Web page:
Apple launched iTunes Match three years ago to much fanfare. Other than the addition of an ad-free version of iTunes Radio, little has changed about the service, which costs $24.99 per year.
What does iTunes Match do? Is it worth it? Here’s an updated look at the product.
What is iTunes Match?
Initially only available in the United States, iTunes Match debuted on Nov. 14, 2011 with the iTunes 10.5.1 update. Called “a match made in iCloud,” the service determines which songs in your music collection (including those ripped from CD) are available in the iTunes Store.
Those tracks are automatically added to iCloud, or matched, for you to listen to them anytime, across all devices. Tracks that can’t be found on iTunes are uploaded from your device to iCloud for use on any of your other devices.
This doesn’t happen all that often, as there are 43 million tracks on iTunes.
Currently, iTunes Match supports up to five devices using the same Apple ID — including your Mac or PC, iPhone, iPod touch, iPad, and Apple TV.
Apple will match your older files that are 96 kbps or higher, and make them available in 256 kbit/s DRM-free AAC format. When downloaded, these high-quality files are yours to keep, even if you let your iTunes Match subscription expire (more about this later).
Files in the higher quality lossless audio ALAC, or original uncompressed PCM formats, WAV and AIFF, are transcoded to 256 kbit/s DRM-free AAC format before uploading to your iCloud storage account. In this case, the higher quality local files remain in their original format.
Since iTunes Radio launched in Sept. 2013, iTunes Match subscribers have been able to listen to the streaming music service ad-free. However, you still can only skip up to six tracks per hour per station. After you reach your skip limit, the Skip Forward control will be dimmed for 60 minutes.
Many have criticized iTunes Match because Apple limits the number of matches to 25,000 tracks, which is bad news for those with a huge music library. If your collection is higher than that number, iTunes won’t match any of your songs.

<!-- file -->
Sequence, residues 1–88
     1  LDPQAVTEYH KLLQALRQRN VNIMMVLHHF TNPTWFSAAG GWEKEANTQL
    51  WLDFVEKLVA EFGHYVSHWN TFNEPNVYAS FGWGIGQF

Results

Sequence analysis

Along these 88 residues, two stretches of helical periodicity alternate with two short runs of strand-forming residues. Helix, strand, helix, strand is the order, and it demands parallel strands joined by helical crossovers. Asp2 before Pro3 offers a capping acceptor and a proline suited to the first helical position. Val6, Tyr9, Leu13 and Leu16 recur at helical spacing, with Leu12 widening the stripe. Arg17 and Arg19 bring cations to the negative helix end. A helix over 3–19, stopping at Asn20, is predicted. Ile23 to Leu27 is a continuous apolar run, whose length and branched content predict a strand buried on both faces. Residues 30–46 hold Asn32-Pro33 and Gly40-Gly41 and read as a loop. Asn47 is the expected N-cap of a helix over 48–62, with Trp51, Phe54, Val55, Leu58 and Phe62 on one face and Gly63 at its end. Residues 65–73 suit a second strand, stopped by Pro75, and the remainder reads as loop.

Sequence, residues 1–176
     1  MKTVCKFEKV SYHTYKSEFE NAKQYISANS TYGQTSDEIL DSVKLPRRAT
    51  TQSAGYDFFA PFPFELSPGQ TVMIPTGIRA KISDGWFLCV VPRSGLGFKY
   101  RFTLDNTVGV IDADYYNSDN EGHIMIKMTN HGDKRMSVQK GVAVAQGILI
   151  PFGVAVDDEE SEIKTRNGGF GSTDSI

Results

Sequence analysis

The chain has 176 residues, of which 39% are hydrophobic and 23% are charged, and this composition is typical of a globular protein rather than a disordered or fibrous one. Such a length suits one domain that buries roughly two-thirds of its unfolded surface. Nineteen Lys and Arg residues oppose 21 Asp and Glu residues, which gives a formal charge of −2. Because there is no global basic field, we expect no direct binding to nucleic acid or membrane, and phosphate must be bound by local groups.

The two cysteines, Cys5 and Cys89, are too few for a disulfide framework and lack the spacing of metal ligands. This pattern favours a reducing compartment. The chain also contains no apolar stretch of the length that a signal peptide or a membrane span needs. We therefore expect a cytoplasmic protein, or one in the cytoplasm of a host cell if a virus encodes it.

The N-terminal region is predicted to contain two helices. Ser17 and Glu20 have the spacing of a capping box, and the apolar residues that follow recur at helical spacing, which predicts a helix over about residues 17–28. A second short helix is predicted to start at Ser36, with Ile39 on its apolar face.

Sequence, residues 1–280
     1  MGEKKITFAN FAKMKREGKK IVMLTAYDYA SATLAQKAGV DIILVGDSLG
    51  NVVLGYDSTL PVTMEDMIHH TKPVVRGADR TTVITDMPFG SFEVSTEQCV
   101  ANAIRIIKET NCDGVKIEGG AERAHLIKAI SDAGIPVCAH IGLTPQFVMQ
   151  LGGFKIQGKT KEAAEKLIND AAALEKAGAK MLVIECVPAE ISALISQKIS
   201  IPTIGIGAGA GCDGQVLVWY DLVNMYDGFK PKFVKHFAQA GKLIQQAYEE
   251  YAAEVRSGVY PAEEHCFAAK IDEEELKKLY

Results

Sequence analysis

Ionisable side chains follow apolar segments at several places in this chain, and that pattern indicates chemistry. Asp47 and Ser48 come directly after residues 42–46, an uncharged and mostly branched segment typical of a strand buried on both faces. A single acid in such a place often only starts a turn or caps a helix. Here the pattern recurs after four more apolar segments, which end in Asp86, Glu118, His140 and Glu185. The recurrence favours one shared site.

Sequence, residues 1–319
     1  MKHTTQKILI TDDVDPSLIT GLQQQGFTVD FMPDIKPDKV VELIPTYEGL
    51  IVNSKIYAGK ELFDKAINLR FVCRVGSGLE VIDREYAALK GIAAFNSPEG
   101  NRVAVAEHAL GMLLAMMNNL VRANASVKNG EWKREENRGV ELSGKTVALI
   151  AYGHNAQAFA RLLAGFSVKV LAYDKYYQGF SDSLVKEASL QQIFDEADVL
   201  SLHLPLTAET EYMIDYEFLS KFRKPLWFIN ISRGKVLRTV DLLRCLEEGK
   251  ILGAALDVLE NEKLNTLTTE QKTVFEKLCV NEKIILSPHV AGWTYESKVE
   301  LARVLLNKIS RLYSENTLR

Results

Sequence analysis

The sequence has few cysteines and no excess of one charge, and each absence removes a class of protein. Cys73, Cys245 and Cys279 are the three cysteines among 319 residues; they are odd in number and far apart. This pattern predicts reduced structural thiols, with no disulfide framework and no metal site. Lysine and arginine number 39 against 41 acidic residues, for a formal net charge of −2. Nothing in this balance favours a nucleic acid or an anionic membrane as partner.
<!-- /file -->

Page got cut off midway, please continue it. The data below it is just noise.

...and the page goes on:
Additionally, if your library grows beyond 25,000 tracks at a later date, iTunes Match will turn off automatically. Luckily, songs purchased on iTunes aren’t counted against this 25,000 track limit.
Song files longer than two hours in length will not be uploaded, nor will files 200MB or higher. Also, remember: iTunes Match only supports up to five devices using the same Apple ID. This is probably fine for an individual, for a family, not so much.
Finally, songs containing DRM (Digital Rights Management) will not be matched or uploaded to iCloud unless your computer is authorized for playback of that content.
For a current list of countries where iTunes Match is available, click here.
You can purchase a one-year subscription to iTunes Match from your computer or iOS device.
On your Mac or PC, open iTunes and go Store > Turn on iTunes Match, and login using your Apple ID. Click “Subscribe.”
Once you have confirmed your payment information and have agreed to the iTunes Match Terms and Conditions, iTunes will begin the process of matching your songs. This can take awhile the first time, depending on the size of your collection and Internet speed.
When iTunes has completed scanning your library, songs that are available for download from iCloud are denoted by a cloud icon. If this icon is not listed, the song is already in your library.
To subscribe to iTunes from your iOS device, tap Settings > iTunes & App Store. Be sure that you’re already logged into your Apple ID.
Once you’ve signed in, tap “Subscribe to iTunes Match,” and verify your payment information. Next, accept the iTunes Match Terms and Conditions.
Songs available for playback or download from iCloud will be accessible on the Music app. Again, songs that are available for download from iCloud are denoted by an icon. If this icon is not shown, the song is already in your library.